Creating Biomedical Technologies to Improve Health

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Grantee News • November 17, 2016

Imagine swallowing a pill today that continues releasing the daily dose of a medicine you need for the next week, month or even longer. Investigators have developed a long-acting drug delivery capsule that may help to do just that in the future. To test the capsule's real-world applications, the team used both mathematical modeling and animal models to investigate the effects of delivering a sustained therapeutic dose of a drug called ivermectin, which is used to treat parasitic infections. Read more at MIT News.

Science Highlights • November 15, 2016
Data scientists have discovered seven genetic variants linked to intracranial volume, Parkinson’s disease risk, and cognitive ability.
Grantee News • November 10, 2016

Researchers have combined one of nature’s tiny miracles, the diatom, with a version of inkjet printing and optical sensing to create an exceptional sensing device that may be up to 10 million times more sensitive than some other commonly used approaches. Read more at Phys.Org.

Grantee News • November 7, 2016

A new imaging technique stimulates particles to emit laser light and could create higher-resolution images of living tissues, say scientists. Read more at MIT News.

Grantee News • November 7, 2016

A magnetic ink has been developed that can be used to make self-healing batteries, electrochemical sensors and wearable, textile-based electrical circuits. Read more at UC San Diego News Center.

Grantee News • November 3, 2016

A new method for encapsulating single cells within tunable microgels could boost efficacy of cell-based therapies and tissue engineering. Read more at Wyss Institute News.

NIBIB in the News • November 3, 2016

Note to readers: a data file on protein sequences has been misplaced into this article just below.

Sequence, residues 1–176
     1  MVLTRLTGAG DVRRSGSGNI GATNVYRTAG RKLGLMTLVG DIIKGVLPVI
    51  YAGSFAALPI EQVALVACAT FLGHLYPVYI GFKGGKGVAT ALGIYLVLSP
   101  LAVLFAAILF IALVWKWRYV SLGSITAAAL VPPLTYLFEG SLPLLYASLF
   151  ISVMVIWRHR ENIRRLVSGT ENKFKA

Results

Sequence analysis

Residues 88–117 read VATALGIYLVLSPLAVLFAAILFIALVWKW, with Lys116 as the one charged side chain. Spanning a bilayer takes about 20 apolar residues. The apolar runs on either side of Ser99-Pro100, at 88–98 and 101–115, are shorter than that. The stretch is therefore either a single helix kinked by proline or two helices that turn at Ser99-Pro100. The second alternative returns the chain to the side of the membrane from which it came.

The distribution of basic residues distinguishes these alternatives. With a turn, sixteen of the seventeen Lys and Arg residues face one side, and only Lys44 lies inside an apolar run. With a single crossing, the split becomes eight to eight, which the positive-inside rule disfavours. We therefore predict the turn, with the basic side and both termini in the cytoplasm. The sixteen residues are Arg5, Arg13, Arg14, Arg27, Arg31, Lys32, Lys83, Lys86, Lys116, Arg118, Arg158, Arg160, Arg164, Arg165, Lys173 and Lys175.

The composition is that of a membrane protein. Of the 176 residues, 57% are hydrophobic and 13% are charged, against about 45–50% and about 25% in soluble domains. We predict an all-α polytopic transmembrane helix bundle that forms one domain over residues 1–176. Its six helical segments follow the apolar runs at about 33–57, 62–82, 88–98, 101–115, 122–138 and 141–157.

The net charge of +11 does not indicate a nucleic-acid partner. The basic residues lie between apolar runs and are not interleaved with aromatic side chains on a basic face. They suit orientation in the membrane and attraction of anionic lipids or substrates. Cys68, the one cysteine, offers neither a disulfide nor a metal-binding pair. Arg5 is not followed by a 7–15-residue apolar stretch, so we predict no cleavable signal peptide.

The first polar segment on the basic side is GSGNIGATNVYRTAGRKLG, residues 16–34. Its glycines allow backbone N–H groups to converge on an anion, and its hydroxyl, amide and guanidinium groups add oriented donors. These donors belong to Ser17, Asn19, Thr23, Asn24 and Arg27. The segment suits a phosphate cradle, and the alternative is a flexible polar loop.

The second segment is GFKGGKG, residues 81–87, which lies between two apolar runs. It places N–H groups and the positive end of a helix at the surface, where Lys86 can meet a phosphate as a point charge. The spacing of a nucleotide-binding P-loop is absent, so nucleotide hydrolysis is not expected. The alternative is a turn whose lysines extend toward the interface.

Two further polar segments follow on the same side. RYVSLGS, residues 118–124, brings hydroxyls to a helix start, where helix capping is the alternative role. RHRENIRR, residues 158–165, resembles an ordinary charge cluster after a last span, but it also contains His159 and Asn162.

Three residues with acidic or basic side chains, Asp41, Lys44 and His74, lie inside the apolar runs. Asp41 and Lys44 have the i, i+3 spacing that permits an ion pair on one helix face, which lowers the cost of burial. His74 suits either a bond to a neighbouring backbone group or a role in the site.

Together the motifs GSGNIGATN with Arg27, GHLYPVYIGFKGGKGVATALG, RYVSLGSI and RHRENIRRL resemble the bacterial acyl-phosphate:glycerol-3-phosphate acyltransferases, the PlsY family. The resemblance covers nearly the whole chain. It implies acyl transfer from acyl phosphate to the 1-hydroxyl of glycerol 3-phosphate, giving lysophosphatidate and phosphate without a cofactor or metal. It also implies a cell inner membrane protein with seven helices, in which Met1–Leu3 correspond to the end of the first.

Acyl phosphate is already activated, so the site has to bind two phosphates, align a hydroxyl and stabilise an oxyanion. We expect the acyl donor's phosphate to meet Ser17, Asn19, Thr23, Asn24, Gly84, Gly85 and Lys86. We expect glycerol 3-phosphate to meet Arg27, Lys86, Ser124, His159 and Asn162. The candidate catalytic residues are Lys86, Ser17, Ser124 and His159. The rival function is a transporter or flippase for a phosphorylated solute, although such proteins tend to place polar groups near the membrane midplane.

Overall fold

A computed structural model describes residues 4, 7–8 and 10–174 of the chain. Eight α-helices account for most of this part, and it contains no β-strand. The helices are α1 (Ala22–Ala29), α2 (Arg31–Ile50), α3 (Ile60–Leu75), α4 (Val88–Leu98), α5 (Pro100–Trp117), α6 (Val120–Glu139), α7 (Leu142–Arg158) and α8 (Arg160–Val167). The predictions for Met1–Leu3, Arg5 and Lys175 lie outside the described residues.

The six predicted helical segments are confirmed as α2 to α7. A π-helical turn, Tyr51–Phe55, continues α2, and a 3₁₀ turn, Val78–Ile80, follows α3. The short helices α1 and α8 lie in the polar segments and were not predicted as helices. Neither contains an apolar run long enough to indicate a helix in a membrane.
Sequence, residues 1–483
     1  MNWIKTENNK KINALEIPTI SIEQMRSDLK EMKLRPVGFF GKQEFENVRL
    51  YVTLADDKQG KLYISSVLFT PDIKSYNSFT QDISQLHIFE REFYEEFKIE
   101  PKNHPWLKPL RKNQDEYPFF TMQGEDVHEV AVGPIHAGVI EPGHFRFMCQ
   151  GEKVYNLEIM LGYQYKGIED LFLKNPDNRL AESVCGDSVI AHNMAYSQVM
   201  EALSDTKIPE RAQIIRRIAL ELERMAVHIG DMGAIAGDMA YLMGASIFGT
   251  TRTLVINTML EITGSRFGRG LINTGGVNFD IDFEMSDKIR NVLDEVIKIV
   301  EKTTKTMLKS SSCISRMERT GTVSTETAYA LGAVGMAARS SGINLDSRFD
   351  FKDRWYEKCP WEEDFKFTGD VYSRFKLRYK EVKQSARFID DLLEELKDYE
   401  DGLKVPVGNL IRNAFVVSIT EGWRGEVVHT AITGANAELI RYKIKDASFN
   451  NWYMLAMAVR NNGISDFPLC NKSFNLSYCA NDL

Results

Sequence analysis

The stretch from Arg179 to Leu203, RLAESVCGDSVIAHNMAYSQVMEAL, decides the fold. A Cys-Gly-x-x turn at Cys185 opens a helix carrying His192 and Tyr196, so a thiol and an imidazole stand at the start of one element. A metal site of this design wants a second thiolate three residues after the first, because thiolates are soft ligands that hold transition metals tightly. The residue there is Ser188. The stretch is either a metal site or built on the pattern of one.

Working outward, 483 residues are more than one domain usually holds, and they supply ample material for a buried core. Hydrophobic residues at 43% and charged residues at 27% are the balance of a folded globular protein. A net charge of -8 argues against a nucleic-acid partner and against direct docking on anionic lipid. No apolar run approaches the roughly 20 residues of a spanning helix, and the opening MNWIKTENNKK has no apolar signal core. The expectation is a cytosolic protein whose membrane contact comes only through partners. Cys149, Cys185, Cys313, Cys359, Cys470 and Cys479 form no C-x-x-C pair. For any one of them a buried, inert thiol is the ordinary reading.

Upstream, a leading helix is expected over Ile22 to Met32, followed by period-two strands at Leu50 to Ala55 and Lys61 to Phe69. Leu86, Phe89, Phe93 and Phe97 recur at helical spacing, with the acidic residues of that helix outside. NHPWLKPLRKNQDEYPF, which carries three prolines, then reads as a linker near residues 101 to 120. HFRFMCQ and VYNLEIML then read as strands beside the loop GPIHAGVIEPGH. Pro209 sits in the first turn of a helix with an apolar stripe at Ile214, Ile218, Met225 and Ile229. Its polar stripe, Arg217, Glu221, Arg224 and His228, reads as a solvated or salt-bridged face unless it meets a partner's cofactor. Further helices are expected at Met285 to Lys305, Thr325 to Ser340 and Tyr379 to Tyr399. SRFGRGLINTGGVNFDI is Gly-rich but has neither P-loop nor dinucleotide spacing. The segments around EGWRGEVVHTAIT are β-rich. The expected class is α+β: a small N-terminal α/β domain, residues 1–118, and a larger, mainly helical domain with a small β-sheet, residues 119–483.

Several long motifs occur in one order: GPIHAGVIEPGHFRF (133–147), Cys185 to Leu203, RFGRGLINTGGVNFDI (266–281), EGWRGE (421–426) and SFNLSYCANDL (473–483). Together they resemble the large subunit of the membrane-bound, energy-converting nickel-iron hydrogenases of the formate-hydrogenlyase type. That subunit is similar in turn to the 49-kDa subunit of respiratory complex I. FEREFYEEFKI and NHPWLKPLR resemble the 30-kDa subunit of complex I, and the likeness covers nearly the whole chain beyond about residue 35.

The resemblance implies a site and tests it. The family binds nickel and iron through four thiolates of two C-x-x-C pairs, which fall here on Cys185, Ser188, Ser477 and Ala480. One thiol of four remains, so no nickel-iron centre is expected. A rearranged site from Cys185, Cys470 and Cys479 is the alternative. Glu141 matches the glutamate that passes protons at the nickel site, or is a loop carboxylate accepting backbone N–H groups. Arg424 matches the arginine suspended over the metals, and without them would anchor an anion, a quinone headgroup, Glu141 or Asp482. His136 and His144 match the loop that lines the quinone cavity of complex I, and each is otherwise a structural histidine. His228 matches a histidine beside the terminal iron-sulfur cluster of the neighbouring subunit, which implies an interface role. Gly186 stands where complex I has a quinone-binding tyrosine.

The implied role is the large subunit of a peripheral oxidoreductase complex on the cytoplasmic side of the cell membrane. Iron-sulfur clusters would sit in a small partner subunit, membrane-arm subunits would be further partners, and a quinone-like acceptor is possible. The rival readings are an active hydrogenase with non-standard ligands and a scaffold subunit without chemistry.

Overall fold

NIBIB's Scientific Director, Richard Leapman, comments on a new technique that brings color to electron microscopy. Read the full story at www.the-scientist.com.
NIBIB in the News • October 28, 2016

The challenge facing neuroimagers is far more complex than mapping the Earth’s continents and oceans. It’s like trying to infer how human society does (and does not) work by studying a satellite image. Read more at OZY.

Science Highlights • October 28, 2016
National Institutes of Health-funded scientists have developed a new diagnostic test for cystic fibrosis, a genetic disorder currently affecting around 30,000 Americans. The new device provides a cheaper, easier way to detect levels of chloride in sweat, which are elevated in cystic fibrosis patients. A similar strategy could be applied to other diseases that present with elevated levels of different ions, such as bromide and iodide, and the simplicity of the approach could make diagnostic tests more accessible around the world.
Grantee News • October 19, 2016

A biocompatible and highly stretchable optical fiber has now been created from hydrogel -- an elastic, rubbery material composed mostly of water. The fiber, which is as bendable as a rope of licorice, may one day be implanted in the body to deliver therapeutic pulses of light or light up at the first sign of disease. Read more at MIT News.

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